The 18th edition of Hot Docs promises a bounty of films (features and shorts) that will enable Canadians to tell their stories and learn much about the rest of the planet as the makers, producers and admirers of documentaries bring their talents to Toronto (April 28-May 8).
The 200 productions, painstakingly chosen from 2000 entries, will “discuss the big and small issues we all face,” said executive director Chris McDonald at this year’s opening media event. Director of programming Sean Farnel summed up the expanded offerings (several new venues and one third more content) succinctly: “It feels kind of tough with a real discerning edge.” Canadian programmer Lyn Fernie spoke enthusiastically about the 36 home-grown entries: “[They’ll be] exploding the stereotypes of polite, mild-mannered Canadians.” Canucks as vigilantes or infiltrating those wreaking havoc on the high seas? Look no further than The Pirate Tapes, where Somali-Canadian Mohamed Ashareh slips aboard a marauding vessel and secretly captures the other side of the hijacking struggle.
Those who enjoy buff men and have caught the bloodlust fever of UFC Mixed Martial Arts (threatening to overshadow the concussion-rich NHL duals on skates) won’t want to miss a single jab or kick in Fightville. To balance the brutality, James Marsh’s Project Nim takes a loving look at the incredible communication skills of a chimpanzee; fresh from honours at Sundance, Being Elmo: A Puppeteer’s Journey will be welcomed by anyone who has followed Jim Henson’s Muppets down Sesame Street. Boy Cheerleaders can’t fail to delight those who’s enjoyed Billy Eliot or dreamed of pink pom poms and the roar of the game.
In-depth examinations of the famous include a chess master (Bobby Fischer Against the World), star of stage and screen (Carol Channing: Larger than Life) and singer-songwriter extraordinaire, Ron Sexsmith (Love Shines). From the National Film Board, Charles Officer has crafted an engaging portrait of runner Harry Jerome: Mighty Jerome sprints along with one of Canada’s fastest athletes every challenging step of the way.
Mother Nature takes a horrific bow with Sabina Guzzanti’s Draquila - Italy Trembles. This behind-the-devastation study of the 2009 earthquake in Aquila will no doubt be followed by a film from Japan for next year’s fest. The post-Katrina world of New Orleans—as seen from the point of view of three Mardi Gras Indian Chiefs—forms the basis of Aaron Walker’s Bury the Hatchet.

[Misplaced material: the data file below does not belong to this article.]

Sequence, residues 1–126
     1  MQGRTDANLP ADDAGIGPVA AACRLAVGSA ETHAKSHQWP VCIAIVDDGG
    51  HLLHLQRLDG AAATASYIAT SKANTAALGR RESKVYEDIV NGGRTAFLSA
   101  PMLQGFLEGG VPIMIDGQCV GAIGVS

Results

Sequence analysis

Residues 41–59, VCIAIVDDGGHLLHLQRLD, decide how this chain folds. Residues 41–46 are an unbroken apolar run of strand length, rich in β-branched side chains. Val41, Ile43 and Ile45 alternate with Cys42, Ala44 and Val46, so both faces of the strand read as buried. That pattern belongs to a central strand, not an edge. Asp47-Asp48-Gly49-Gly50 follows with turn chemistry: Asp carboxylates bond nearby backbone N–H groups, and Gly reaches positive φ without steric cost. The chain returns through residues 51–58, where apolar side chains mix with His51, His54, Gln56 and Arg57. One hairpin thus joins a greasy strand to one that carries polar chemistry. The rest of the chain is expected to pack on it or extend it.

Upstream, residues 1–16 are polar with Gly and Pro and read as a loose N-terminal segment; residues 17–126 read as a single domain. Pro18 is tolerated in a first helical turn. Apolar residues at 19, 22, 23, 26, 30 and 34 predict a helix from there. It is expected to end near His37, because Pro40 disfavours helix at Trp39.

Rohan Fernando’s The Chocolate Farmer (one of two NFB world premières) delves into the Pop family’s struggle to farm cacao in the passed-down tradition of their Mayan forefathers. St-Henri, the 26th of August sees 16 filmmakers bringing a day in the life of a Montréal street to the screen; director Shannon Walsh takes on the considerable task of putting their findings together.
Jamie Kastner returns to the line-up (cross-reference below) with Recessionize! for Fun and Profit! 15 Simple Steps! With all of the natural and financial calamity leading headlines for the past few years, it will be a welcome tonic to laugh at the crash. Satire also figures prominently (in this instance, product placement) as the festival kicks off with Morgan Spurlock’s POM Wonderful Presents: The Greatest Movie Ever Sold.
Alan Zweig is this year’s featured filmmaker. A retrospective of his work (first shown at Hot Docs in 2000) will have five screenings including Lovable (cross-reference below). Speaking to the appreciative crowd, Zweig recalled his first encounter with “Chris’ unnerving smile” as he came to the office to sort out the details for Vinyl—his first accepted film. “I left there feeling something had changed … people were pleased with me,” he recalled. “I wouldn’t be here without Hot Docs.”
That’s a sentiment that can be shared by dozens of others who got their start from Canada’s largest documentary film festival.
With a few minutes to pass before the news conference, a quick trip through the Gardiner Museum (with its readily darkened multipurpose “screening” room) provided a striking contrast to cinematic art. Immediately catching my eye was The Monkey Orchestra (based on engravings by Christophe Huet, modelers Johann Joachim Kändler and Peter Trinicke have—centuries ago—crafted a marvellous array of furry musicians that immediately kindles the imagination). What an unexpected treat to savour fine craft even as such an array of new work is about to stimulate discourse over the course of the film festival’s run. JWR